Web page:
12. The wind energy extraction apparatus of any one of claims 1-11, further comprising an alternate downwind guidance for supporting a plurality of elements to include at least said one or more concentrator wings and said flow regulator, and for facilitating the orientation of said plurality of elements appropriately into the oncoming wind; and further comprising a riser to extend the said plurality of elements into said oncoming wind, at least a part of said riser extending on the leeward side of said aerodynamic surfaces of said flow regulator; and further comprising at least one swivel to allow said plurality of elements to rotate about said swivel and effect said orientation.
13. The wind energy extraction apparatus of any one of claims 1-12 in which the concentrator wings are elongated in the vertical direction when mounted.
14. The wind energy extraction device of any one of claims 1-13 mounted on a lamp standard adjacent a roadway.
15. A method for extracting energy from wind, comprising the steps of: causing wind to flow over one or more concentrator wings and thereby inducing a drop in static air pressure; using said drop in static pressure to draw a flow of wind into a turbine shroud; using said flow of wind to drive one or more impellors; directing said flow of wind impinging upon the windward side, of aerodynamic surfaces of a flow regulator, outwards from said flow regulator and towards the flow of wind over said concentrator wings.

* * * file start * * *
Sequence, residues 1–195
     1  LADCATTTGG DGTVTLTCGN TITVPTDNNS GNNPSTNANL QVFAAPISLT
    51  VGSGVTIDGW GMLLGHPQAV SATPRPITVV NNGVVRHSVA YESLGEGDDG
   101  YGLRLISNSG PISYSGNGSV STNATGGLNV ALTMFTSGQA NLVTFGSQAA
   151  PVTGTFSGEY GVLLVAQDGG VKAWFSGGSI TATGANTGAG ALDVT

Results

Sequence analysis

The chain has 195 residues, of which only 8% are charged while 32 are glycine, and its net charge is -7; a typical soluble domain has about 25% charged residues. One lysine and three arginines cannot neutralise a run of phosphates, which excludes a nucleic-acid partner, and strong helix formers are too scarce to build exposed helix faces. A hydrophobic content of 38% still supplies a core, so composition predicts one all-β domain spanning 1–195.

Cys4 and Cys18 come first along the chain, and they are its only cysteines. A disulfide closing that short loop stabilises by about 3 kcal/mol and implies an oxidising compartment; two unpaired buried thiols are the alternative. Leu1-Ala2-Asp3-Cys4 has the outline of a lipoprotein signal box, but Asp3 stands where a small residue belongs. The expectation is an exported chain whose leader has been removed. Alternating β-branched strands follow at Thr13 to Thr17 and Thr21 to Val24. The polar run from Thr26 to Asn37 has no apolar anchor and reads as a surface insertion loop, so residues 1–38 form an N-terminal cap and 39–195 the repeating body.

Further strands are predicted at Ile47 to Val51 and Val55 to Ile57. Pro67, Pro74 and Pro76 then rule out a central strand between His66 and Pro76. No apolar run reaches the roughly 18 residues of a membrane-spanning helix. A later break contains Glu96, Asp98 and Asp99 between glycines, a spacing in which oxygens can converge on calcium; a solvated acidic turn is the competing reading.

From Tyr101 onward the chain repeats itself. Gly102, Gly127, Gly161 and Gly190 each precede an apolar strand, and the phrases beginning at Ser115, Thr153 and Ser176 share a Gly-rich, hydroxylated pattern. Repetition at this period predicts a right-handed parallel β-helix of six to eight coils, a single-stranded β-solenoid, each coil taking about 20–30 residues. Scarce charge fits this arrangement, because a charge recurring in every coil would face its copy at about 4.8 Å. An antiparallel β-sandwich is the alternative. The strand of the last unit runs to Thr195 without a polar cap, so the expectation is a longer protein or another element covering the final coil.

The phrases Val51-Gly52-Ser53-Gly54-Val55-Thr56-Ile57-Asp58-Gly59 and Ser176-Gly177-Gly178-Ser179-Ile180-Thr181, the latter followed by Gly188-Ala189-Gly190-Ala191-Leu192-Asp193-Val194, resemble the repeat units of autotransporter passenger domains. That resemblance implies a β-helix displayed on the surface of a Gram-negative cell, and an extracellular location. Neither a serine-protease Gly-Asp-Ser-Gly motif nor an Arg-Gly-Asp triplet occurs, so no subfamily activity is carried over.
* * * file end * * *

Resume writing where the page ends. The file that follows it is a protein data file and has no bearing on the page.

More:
16. The method of claim 15 further comprising: positioning one or more power converters on the leeward side, of said aerodynamic surfaces of said flow regulator; connecting said one or more impellors to one or more impellor driveshafts; extending said one or more impellor driveshafts out of said flow regulator; positioning said one or more impellors within the said flow of wind drawn into said turbine shroud.